A dire warning has come from global property consultancy Savills that property prices in Hong Kong may drop by up to 20 per cent across the board owing to latest anti-speculation measures taken by the government.
The prediction follows in the wake of a sharp drop in sales of commercial and residential properties since the government raised stamp duties payable on all commercial and non-residential properties sales effective from February 22.
Together with previously announced measures such as a Buyer's Stamp Duty, levies on sales of residential properties valued at more than HK$2 million were increased by as much as 23.5 per cent, and by 8.5 per cent on non-residential properties.
The fall in deal volumes and prices as well as big-ticket sales will continue at an even faster pace, Raymond Lee, chief executive of Savills, said. "Since the measures were introduced I do not believe we have seen any transactions valued at more than HK$100 million."
Lee cited the case of Opus, a luxury residential development built in 2012 by Swire Properties, as an example of the impact of the new measures. "The property is valued at more than HK$400 million. Under the new measures a buyer will need to pays taxes of HK$100 million. In such a situation who will still want to buy?"
In addition, property owners were under no pressure to sell, because their holding costs remain low, resulting in a "painfully quiet market", according to Lee.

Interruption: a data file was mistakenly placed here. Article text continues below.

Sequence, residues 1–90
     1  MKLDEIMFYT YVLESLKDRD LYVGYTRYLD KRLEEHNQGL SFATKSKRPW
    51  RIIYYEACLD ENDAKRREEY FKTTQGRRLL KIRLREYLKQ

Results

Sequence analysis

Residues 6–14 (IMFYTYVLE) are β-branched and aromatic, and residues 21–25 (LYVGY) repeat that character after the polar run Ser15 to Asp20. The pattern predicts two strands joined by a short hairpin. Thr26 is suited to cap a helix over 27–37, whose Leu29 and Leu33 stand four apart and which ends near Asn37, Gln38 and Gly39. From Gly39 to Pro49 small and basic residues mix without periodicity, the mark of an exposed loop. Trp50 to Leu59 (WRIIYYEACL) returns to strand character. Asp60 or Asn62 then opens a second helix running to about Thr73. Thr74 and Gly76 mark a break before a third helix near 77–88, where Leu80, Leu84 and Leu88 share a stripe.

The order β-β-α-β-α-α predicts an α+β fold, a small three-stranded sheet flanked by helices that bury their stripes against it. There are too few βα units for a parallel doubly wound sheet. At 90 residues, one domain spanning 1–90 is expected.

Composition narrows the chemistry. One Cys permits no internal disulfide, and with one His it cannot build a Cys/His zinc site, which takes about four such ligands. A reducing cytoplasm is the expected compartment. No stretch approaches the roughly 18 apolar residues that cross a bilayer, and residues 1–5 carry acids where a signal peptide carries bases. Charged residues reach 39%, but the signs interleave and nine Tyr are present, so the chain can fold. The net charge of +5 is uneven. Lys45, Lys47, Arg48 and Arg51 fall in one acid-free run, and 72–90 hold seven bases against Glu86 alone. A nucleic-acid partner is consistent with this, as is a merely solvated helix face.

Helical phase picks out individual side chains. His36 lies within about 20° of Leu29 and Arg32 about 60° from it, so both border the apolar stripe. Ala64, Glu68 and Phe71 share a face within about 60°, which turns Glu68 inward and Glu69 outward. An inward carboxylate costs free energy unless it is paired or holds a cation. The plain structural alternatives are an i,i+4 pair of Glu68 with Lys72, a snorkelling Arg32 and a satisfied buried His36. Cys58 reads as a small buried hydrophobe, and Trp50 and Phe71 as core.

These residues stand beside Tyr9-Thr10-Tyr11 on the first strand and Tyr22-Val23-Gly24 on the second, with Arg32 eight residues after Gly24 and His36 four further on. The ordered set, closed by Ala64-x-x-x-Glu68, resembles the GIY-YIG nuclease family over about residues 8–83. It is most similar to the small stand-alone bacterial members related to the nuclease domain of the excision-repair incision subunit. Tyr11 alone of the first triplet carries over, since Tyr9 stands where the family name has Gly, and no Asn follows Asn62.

More retailers were meanwhile becoming aware of the impact of high rental costs and the impact on their bottom lines, and Lee said rents and prices of retail and office properties could be expected to soften this year after sharp rises in the past few years.
If there were no drastic changes in interest rates or the external environment, the rise in retail rents in 2013 was expected to slow to just zero to five per cent across the board, Savills noted in a report released earlier this month.
But while rents for prime street shops in areas such as Russell Street in Causeway Bay and Canton Road in Tsim Sha Tsui remain firm, retail prices may see a bigger fall of about 10 per cent to 15 per cent this year, it says.
"Hong Kong's property market is like a patient getting early stage cancer. However, our government gives it medicine that is designated for final stage cancer patients," Lee said.
"The high dosage kills both good cells and cancer cells. The patient will also die."
He proposed that the government should ease the doubling of stamp duty on non-residential properties and luxury homes in a bid to encourage sales.
"Those sectors do not affect people's lives. Why should the government impose restrictive policies on them?"